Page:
Michael Tinkham, Rumford Professor of Physics and Gordon McKay Professor of Applied Physics in the Physics Department and the School of Engineering and Applied Sciences, Emeritus, who was internationally known for his contributions to condensed matter physics, in particular superconductivity, died in Portland, Oregon, on November 4, 2010, of complications following a stroke. He was 82 years old.Mike was an experimental physicist with a gift for theory and a nose for important challenging problems. After graduating from Ripon College in Wisconsin in 1951 with a bachelor’s degree in physics, he proceeded to the Massachusetts Institute of Technology, where he received his master’s degree and Ph.D. in just three years. His thesis, “Theory of the Fine Structure of the Molecular Oxygen Ground State with an Experimental Study of its Microwave Paramagnetic Spectrum,” was published in 1955. He changed his interests from gaseous magnetic oxygen to the understanding of properties in solids with a classic study of magnetic properties of transition metal ions in a diamagnetic lattice as a postdoctoral fellow at the Clarendon Laboratory in Oxford University from 1954-1955. Mike then moved to the University of California in Berkeley as a postdoctoral fellow in 1955, and joined the faculty there in 1957.At Berkeley Mike wrote his first book, Group Theory and Quantum Mechanics (1964). His research was predominantly in superconductivity and magnetism. This was an era when the understanding of superconductivity in metals was just emerging after many decades of study and lack of understanding. Together with Rolf Glover III, a fellow postdoc, he set up a laboratory and measured the absorption/transmission of far infrared light passing through thin superconducting films. The remarkable result was that more light passed through the films in the superconducting state than in the higher temperature normal metal phase. The far IR measurements as a function of frequency showed the existence of the superconducting energy gap. These observations preceded the just-developing Bardeen-Cooper-Schriefer (BCS) theory of superconductivity and were key evidence in support of the theory. His double-pronged research group in superconductivity and magnetism created an exciting environment, and Berkeley was an important stop for travelling scientists to visit Mike and his group and observe the latest findings. In 1974 Mike was awarded the Oliver Buckley Prize of the American Physical Society for outstanding theoretical or experimental contributions to condensed matter physics based upon that work.In 1966 Mike accepted an offer from the Physics Department at Harvard University, where he spent the rest of his career. Superconductivity continued as the main focus of his research. His deep understanding of superconductivity led him to write his second book, Introduction to Superconductivity (1975), which clearly elucidated the subtle mysteries of the subject and has become a classic in the field. In the early seventies, together with his postdocs and students, he made important advances in understanding the effect of thermal fluctuations on broadening the transition between superconducting and normal states. With his deep understanding of the subtle theoretical underpinnings of superconductivity, he led a research activity to study many properties of the superconducting state. With members of his group he applied those ideas to phase-slip centers, current flow across the superconductor-normal interface, and the subharmonic energy-gap structure in superconducting metallic weak links. Mike moved with the times. At Harvard he led in the development of the first central labs for producing materials on a nanoscopic level. He and his group studied submicron tunnel junctions capacitively coupled to minute islands, the Kosterlitz-Thouless transition in arrays of Josephson junctions, and tiny metallic whiskers grown on carbon nanotubes.Until his retirement Mike maintained a large active research group. Graduate students were attracted to him for his ability to make complex ideas seem simple and to offer thesis problems on the leading edge of the field. He encouraged his students to explore new directions, giving them full freedom to follow their own ideas and develop as creative scientists. He hungered for data from his labs and had an uncanny talent for transforming scraps of experimental data into an ever-deeper understanding of superconductivity. Over 45 students received their Ph.D.s under Mike’s tutelage. His well-trained students and postdocs easily found positions at leading universities and research laboratories.Mike loved good food, good wine, and special desserts, sampling them all over the world. His students were devoted and had an annual “Tinkham Dinner” at the March meeting of the American Physical Society. Throughout most of his career he was quite formal and wore a coat and tie for most occasions, sometimes with a funny cap for the Boston weather. But this attire did not hinder his fun with his students. A special Science Center lecture to the interested public was advertised by a large colorful sign titled “Superconductivity” only to be doctored by his students on the night of the presentation to read “Sex and Superconductivity.” He once walked into his lab where some of his students were having lunch and was upset to find that none of the homemade electronics were labeled. He demanded that everything in the lab be labeled for the next generation. The next day he found all the equipment duly labeled and his students sitting with bowed heads. When they were asked to look up, Mike saw five foreheads labeled “Graduate Student.”Mike is survived by his wife, Mary Tinkham, his sons, Jeff and Chris, and two grandchildren, all now living in Portland, Oregon. His colleagues and students, deeply saddened by his passing, will always remember his warmth, friendliness, and enthusiasm, as well as the depth of understanding and insights he brought to physics.Respectfully submitted,Venkatesh NarayanamurtiRobert M. WesterveltIsaac F. Silvera, Chair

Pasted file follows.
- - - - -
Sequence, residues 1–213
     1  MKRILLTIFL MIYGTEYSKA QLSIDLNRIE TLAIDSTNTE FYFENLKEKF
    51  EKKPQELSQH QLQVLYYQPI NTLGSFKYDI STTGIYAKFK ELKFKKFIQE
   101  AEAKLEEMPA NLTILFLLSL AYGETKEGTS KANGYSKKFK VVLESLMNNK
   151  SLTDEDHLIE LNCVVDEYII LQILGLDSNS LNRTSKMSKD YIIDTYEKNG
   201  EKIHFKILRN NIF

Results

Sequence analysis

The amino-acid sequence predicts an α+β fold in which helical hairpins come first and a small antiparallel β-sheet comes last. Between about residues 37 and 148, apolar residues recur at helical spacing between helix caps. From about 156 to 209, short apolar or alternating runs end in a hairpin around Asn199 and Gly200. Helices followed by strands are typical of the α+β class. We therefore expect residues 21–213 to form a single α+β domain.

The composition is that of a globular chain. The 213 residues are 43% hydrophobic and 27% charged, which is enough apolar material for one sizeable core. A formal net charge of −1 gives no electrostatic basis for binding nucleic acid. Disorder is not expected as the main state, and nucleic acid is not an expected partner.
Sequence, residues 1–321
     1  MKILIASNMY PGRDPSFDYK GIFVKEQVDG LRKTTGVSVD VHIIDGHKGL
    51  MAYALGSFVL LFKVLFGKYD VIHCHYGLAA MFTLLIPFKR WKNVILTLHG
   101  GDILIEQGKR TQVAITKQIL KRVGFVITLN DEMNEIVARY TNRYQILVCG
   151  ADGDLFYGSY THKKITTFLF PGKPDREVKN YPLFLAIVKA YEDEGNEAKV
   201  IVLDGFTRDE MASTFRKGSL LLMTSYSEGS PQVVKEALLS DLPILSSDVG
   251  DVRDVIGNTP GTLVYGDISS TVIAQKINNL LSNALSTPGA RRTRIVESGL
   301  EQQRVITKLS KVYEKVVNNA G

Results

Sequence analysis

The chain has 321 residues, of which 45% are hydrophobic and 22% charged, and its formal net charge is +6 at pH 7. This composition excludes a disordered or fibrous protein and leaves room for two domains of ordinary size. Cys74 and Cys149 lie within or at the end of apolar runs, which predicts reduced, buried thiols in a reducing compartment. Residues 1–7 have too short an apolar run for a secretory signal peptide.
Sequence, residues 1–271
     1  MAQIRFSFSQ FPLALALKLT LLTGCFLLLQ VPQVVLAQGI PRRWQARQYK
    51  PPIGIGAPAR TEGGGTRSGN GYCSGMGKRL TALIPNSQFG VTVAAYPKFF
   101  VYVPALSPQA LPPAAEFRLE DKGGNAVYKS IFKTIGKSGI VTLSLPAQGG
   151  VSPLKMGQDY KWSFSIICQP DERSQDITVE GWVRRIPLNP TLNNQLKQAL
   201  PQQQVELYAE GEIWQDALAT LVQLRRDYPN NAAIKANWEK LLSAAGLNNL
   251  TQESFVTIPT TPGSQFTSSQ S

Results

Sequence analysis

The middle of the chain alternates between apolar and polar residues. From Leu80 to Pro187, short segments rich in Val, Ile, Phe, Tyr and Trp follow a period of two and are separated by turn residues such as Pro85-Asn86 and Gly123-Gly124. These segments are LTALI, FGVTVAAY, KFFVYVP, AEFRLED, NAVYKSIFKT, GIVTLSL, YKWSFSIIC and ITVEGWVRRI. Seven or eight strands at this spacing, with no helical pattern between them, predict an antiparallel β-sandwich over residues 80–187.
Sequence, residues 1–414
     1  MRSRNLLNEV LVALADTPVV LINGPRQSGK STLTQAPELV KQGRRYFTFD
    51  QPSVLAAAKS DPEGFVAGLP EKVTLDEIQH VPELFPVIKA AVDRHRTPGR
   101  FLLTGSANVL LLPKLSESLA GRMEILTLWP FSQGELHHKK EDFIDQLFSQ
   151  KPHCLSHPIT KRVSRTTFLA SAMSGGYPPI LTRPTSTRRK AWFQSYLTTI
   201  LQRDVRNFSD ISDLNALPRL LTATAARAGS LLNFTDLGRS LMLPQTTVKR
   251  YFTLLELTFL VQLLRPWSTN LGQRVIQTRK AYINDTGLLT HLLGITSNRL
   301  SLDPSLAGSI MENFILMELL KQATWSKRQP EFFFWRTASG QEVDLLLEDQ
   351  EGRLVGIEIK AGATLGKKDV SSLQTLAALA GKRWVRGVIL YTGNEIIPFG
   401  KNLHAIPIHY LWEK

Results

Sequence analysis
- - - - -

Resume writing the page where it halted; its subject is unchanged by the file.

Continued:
Kambi and DraftKings agree on final closure terms July 24, 2020 Kambi takes full control of LeoVegas sportsbook portfolio August 26, 2020 Share Stockholm-listed sports betting platform supplier Kambi Group Plc has strengthened its partnership with Bulgarian National Lottery operator JSC securing an ‘extended sportsbook agreement’.The enhanced partnership will see Kambi continue to act as lead sportsbook supplier of JSC’s flagship 7777.bg brand within the Bulgarian market, a contract Kambi has maintained since 2017. In addition, JSC has commissioned Kambi to support its planned entry into the Moldovan market this summer, providing its multi-channel sportsbook products and systems.Updating stakeholders, Milen Ganev, Managing Partner of National Lottery JSC commented: “When replacing our previous sports betting supplier with Kambi, we did so with the goal of becoming a market leader in Bulgaria, a position we’ve achieved well ahead of time.“This triumph, coupled with Kambi’s scalable technology, gives us the freedom to expand into new markets, beginning with Moldova and the Moldovan National Lottery monopoly later this year. We therefore decided to extend our contract with Kambi, enabling us to enter the next chapter of our exciting growth story with confidence.”In 2016, Molodova’s government passed legislation regulating gambling activities under a national monopoly framework.JSC, a syndicated member of the World Lottery Association, would win a 15-year tender commissioned by Moldova’s Public Property Agency to run both its national lottery product and a brand new online and retail sportsbook, as part of a public-private partnership.Moving forward, Kambi will support National Lottery JSC by providing its multi-channel Sportsbook product, with plans to go live online in the next few months, followed by a retail rollout where the Kambi Sportsbook will be available to players in local stores and soon-to-be developed sports betting shops.Kristian Nylén – KambiBacking JSC plans, Kristian Nylén, CEO of Kambi, said: “Kambi’s track record of springboarding partners to the next level of their sportsbook journey is unrivalled, and in National Lottery JSC we have yet another example of how operators can grow using our Sportsbook.“For the 7777.bg brand to be among the market leaders in Bulgaria within 18 months of partnership is testament to the quality of the Kambi Sportsbook, as well as the National Lottery’s marketing expertise.“I’m delighted we’ve agreed to take the partnership to Moldova, where I’m confident players will enjoy our exciting sports betting experiences in both the online and retail environments.” StumbleUpon Related Articles Share Submit Kambi takes control of Churchill Downs BetAmerica sportsbook August 28, 2020